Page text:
Even though english language-barrier is practically non-existant in the universities, for those who want english at-hand in and outside the classroom, look to Scandinavia. 

    Danish Technical University in Copenhagen: http://www.dtu.dk/English.aspx
    Copenhagen has a Build-a-Bear for crying out loud. Everyone speaks great english, right down to the postal workers (not the case in Zürich). 

    University of Turku (Finland)
    http://www.utu.fi/en/

    Brian, I have to disagree. A degree won’t write a ticket– especially in Silicon Valley. Having an internship and building skills outside the classroom will be a much better indicator for the Valley. Even better would be a shipping product. A person with a well-maintained iPhone app will do much better than a person with a fancy degree. 

  • http://www.facebook.com/profile.php?id=723230822 Vicky Rodgers

    Hey Simon!  I have a question for you:
    My mom has been a Canada Revenu Agency agent for the last 26 years and I got a passion for tax law… but to help people escape big government (I am a libertarian!).  I am looking for university admissions and I got the r-score (in Quebec you can get into law directly from cegep) to get in law and accounting school!  Should I do accounting, law or both?  Sure my master of tax law is planned on top of that but your post made me think of doing it abroad!  I need to stay in Montreal for my Bachelor but I can do an exchange.

    • Diogenese_

       My opinion-Focus on getting a solid understanding of accounting, finance and economics as an undergrad, because those skills contribute to real world productivity. Most of modern law has little or nothing to do with justice and mediation, but instead is concerned with the administration of elite benefiting government power. That’s not to say studying the law won’t be useful, because even anarcho-capitalist mediators of the future must get an education in justice, contracts and mediation somehow, and in addition there is an ever growing need to help businesses avoid the legal traps of the government.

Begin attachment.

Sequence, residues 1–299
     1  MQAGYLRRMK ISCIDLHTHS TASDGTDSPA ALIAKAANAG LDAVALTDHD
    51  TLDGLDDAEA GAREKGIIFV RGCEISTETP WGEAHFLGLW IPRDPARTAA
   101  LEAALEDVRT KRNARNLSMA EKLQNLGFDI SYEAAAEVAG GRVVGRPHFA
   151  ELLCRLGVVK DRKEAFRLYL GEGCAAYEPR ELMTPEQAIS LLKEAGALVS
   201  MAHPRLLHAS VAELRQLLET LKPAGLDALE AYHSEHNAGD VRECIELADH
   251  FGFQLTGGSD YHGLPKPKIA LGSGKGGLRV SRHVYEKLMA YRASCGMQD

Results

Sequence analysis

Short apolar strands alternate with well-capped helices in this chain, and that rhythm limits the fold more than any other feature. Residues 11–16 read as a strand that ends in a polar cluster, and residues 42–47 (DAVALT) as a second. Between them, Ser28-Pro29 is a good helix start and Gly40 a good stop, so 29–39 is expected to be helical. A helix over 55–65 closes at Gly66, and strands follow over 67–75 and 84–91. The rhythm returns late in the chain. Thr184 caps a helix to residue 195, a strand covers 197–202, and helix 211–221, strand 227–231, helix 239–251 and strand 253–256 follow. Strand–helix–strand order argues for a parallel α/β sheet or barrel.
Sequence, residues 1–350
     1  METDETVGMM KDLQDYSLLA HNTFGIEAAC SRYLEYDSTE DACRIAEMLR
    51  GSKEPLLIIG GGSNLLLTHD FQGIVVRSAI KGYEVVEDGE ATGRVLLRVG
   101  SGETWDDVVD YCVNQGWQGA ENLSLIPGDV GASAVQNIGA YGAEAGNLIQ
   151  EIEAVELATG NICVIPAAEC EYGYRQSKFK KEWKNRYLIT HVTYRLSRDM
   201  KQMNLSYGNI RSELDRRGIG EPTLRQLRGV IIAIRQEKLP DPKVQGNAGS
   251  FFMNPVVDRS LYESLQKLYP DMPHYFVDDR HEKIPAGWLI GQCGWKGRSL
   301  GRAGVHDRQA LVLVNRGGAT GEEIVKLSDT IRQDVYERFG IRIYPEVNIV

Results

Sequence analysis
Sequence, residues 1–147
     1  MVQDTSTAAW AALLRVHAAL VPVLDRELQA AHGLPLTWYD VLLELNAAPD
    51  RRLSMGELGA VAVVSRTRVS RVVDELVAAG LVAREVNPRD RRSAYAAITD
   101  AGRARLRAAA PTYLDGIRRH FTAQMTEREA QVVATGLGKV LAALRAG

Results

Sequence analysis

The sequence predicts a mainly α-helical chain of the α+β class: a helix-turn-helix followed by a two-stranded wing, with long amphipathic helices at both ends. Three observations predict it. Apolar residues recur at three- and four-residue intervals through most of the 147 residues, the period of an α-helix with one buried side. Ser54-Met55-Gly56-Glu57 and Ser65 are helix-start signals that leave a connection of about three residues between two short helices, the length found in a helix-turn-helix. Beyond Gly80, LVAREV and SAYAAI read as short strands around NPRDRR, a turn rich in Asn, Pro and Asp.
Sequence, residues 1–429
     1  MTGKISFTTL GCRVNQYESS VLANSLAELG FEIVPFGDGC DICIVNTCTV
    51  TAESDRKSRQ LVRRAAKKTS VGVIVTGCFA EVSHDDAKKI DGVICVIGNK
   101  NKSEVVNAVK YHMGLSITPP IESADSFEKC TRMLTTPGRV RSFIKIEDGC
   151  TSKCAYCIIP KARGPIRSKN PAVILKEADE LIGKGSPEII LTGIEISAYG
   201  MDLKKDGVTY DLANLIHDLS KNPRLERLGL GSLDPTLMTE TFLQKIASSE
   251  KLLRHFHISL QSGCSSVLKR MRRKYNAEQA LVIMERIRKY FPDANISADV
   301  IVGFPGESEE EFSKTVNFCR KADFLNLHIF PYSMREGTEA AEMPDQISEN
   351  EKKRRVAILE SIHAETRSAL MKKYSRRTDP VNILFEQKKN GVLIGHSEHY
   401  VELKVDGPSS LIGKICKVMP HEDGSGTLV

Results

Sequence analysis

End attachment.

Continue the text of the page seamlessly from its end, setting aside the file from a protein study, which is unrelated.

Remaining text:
I would say get an undergraduate degree in accounting with courses in finance and Austrian economics, try to get a business internship, get some entry level job after graduating, then work on your law masters part time while you learn more about the real world of business. The real world of business is the ultimate future, not the business of lawyering for the government. In the US at least a lot of people who went to law school are now disappointed at their low salaries because so many went into it.

  • http://www.the-urban-survivalist.com Urbivalist Dan

    Loud Amen SM. 

    Thanks for posting. 

    If you haven’t seen it yet already, you should check out NIA’s “College Conspiracy.” All about the realistic ROI of college these days, and why College administrators started raising tuition through the roof….

    http://www.youtube.com/watch?v=VpZtX32sKVE

  • Shirindge

    Appreciated your comments on the recent protests in Chile.  My husband and I w/b visiting the country + other parts of SA for a little over 6 weeks.  Chile is a big consideration for a move.

    I was wondering if you have any comments on Maipo valley or the Lake District as potential areas to reside.

    f

  • Nart

    I did this!
    I went to Aberdeen University, great university, great major, great teachers, lousy job prospects :) 

  • MadDog

    I’m so intrigued by your stories of international travel, business and now education.  Simon, in your experience (and that of your associates) what language(s) do you find the most useful?  Or which language(s) do you not know but wish you did?  I speak English; I’m learning Spanish.  What would you advise next?  Mandarin, Japanese, Korean, Russian, Portuguese, German, French, Italian, ???

  • Dboy

    Liked the post and the whole theme (learning opportunities). Would like to see more of this.

  • http://www.ovlg.com/debt-settlement/ Sophie Kinsella

     Attending a renowned college or university will add e real value to your resume and will also help you to get better job opportunities with money. But it needs huge money for attending colleges and university prompting many people to rely on student loans to pay for their schooling.This results in a huge debt upon graduating.Depending on the amount borrowed, it can take 15 or more years to repay a college debt. However, if the student is not in a condition to pay  his/her debt then consulting a debt counseling company could be a better choice.

  • vigeoro

    This is an excellent post by Simon, but there is something much more important that is not mentioned: What you study. 
     
    Here is a case study:
     
    I am in my early 40s and seriously considering a career change; my youth I wasted studying for an MA in Education that has yielded low profits in spite of long hours of work and study. And I very much agree with Doug H.’s view on education – http://www.caseyresearch.com/articles/uss-education-bubble – because I am living proof that I majored in the wrong subject, one intellectually interesting but not one with profit potential.  
     
    But rather than dwell on mistakes, I look for solutions.
     
    Now my search is for something to do or something to study that will yield profits to Me, Inc. I agree with Simon and other investment gurus that the rules of life are being reset and that we are witnessing a great transfer of wealth from West to East. It is time to do something and see some of this transfer of wealth come my way as well.
     
    I welcome comments and suggestions.